The flight becomes turbulent thanks to some cumulus clouds causing Merrill to get out of his seat and head to the back to speak to the passengers. Every time Merrill or Smith evacuates his seat, Comerate has to get up and take the vacant spot. Not that we don't enjoy seeing his torso and all, but this happens over and over and over in the film to the point of hilarity and ennui.

Now everyone seems to make a fuss over stewardess Lain, like she's some goddess or something, but I actually prefer the first class attendant, Bek Nelson. To me, she's so much more elegant, lithe and appealing. It's sort of the age-old (okay, decades old) Ginger vs Mary Ann debate and I'm afraid, to many folks' dismay, I was always a Ginger lover.

Widower Martin has now made two attempts to snuggle up with Hervey and breaks through with a couple of cups of coffee. In a moment that heavily inspired the much later Airplane! (1980), she declares with a peculiarly interesting inflection that she likes her coffee "black." (You'll recall the little girl in the later parody telling her admirer that she likes her coffee, "black... like my men.") Martin confesses that since his wife died, he's become mostly inactive and floundering while Hervey can only respond that she's never even been asked to marry.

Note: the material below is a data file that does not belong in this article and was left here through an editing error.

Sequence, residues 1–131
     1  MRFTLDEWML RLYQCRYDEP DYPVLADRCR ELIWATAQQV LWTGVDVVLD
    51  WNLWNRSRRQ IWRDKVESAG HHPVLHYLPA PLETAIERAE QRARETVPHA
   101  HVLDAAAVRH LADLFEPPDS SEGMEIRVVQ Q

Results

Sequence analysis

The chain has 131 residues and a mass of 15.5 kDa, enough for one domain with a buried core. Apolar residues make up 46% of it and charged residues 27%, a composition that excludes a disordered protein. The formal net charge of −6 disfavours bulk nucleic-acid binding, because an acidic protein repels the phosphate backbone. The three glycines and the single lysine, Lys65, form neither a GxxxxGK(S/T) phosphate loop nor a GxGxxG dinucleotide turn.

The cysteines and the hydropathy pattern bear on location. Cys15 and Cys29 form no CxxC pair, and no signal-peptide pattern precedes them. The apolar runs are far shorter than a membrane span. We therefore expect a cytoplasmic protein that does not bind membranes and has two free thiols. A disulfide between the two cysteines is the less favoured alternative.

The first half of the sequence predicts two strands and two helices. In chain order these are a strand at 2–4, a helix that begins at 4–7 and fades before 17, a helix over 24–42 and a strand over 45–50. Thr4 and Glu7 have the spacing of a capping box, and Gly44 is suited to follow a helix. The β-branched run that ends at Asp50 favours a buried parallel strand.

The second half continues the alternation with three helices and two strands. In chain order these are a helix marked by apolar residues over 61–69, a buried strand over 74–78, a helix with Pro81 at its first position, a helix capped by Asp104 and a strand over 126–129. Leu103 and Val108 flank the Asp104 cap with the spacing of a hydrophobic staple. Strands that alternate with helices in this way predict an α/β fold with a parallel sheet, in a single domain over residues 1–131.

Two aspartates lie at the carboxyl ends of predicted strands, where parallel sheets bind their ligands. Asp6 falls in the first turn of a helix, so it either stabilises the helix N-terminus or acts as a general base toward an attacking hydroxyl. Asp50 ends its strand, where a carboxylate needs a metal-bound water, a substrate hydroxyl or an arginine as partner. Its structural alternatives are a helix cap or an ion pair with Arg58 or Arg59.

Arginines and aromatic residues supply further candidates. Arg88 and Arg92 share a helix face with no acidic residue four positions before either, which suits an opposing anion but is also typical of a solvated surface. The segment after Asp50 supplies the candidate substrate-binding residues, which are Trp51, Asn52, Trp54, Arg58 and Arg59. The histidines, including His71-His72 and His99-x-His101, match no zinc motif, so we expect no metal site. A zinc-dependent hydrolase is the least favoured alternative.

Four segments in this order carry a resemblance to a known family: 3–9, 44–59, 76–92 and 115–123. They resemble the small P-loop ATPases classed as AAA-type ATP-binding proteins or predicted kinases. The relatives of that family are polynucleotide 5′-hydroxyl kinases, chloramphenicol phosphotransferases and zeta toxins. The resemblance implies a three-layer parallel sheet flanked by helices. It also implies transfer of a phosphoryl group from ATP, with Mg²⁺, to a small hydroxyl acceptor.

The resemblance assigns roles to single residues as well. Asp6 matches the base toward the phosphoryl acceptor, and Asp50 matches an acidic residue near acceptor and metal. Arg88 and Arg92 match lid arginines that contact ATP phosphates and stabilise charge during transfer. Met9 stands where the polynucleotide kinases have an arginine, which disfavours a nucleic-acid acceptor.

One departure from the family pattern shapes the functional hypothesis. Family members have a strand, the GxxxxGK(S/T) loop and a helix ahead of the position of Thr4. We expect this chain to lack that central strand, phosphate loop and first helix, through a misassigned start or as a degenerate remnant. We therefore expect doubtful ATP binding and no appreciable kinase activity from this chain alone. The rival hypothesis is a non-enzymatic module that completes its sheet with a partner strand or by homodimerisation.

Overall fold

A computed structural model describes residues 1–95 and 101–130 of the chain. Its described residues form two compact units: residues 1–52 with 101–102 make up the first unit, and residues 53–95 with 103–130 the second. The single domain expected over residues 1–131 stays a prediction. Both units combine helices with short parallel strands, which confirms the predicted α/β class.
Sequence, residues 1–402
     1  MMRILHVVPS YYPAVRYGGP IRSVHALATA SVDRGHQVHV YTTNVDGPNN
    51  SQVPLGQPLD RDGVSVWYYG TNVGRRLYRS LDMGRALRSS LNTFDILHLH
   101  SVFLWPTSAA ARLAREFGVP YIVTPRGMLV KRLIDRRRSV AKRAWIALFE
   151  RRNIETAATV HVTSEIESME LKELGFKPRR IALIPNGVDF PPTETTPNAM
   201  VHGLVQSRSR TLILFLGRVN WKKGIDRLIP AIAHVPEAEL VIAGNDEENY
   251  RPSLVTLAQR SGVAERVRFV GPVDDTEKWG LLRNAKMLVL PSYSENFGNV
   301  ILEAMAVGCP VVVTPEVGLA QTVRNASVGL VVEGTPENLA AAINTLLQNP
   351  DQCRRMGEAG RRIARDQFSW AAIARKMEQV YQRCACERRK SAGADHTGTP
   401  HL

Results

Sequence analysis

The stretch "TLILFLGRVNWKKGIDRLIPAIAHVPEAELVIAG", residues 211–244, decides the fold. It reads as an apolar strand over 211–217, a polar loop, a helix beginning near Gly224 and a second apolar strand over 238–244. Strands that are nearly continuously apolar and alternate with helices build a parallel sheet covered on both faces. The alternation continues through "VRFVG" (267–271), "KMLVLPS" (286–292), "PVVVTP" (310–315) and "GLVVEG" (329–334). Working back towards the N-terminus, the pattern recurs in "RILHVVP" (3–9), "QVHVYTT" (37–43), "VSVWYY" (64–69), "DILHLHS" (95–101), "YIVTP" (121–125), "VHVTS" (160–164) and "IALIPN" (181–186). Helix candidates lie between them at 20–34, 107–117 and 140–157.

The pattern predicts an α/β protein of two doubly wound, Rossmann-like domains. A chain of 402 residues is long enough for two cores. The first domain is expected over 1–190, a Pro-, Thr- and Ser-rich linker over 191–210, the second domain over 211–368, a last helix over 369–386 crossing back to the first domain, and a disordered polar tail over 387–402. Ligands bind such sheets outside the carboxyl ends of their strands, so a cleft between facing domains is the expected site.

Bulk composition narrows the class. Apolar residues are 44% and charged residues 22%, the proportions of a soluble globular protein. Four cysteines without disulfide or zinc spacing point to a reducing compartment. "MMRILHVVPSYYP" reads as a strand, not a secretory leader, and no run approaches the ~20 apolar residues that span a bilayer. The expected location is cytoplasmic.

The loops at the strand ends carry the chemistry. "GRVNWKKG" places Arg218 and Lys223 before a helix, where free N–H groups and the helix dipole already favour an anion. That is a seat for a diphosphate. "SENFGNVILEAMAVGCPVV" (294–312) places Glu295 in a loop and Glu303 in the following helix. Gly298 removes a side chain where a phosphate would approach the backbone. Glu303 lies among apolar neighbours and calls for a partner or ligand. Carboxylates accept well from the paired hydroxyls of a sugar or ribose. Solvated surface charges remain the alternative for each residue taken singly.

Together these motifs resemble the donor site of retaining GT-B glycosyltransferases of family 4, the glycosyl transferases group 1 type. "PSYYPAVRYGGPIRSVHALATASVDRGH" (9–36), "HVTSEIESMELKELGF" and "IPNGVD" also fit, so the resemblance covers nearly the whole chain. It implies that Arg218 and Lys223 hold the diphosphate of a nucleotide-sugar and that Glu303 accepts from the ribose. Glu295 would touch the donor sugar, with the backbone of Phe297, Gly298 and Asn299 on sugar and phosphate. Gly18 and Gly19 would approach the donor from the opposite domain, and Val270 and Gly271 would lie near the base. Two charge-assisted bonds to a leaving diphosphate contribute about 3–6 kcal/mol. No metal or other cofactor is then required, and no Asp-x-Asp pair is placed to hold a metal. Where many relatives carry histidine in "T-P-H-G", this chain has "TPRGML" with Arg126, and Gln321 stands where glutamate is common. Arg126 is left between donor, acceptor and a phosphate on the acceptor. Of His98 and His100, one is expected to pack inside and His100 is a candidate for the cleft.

We soon catch up to the beginning of the film when the series of engine troubles began. The vessel has just passed "the point of no return" when half of the four engines konk out. Knowing that they cannot make it back home or to their destination, Merrill figures they will have to ditch the plane into the ocean. He lashes out at engineer Comerate (who is another victim of poor lighting here), but the young man gives as much as he gets in return.

Here we see the coach section listening as they're being told about the imminent danger caused by engine failure. The passengers are told that they will be picked up after the ditching by a nearby naval destroyer which is in constant radio contact with the doomed flight.

The first class section (in the rear of the plane) is presided over by a soothing Nelson.